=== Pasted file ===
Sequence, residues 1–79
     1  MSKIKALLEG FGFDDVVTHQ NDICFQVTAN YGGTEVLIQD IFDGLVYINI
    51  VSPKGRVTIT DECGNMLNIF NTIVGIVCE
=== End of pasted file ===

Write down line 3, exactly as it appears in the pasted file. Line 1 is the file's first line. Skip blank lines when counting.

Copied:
    51  VSPKGRVTIT DECGNMLNIF NTIVGIVCE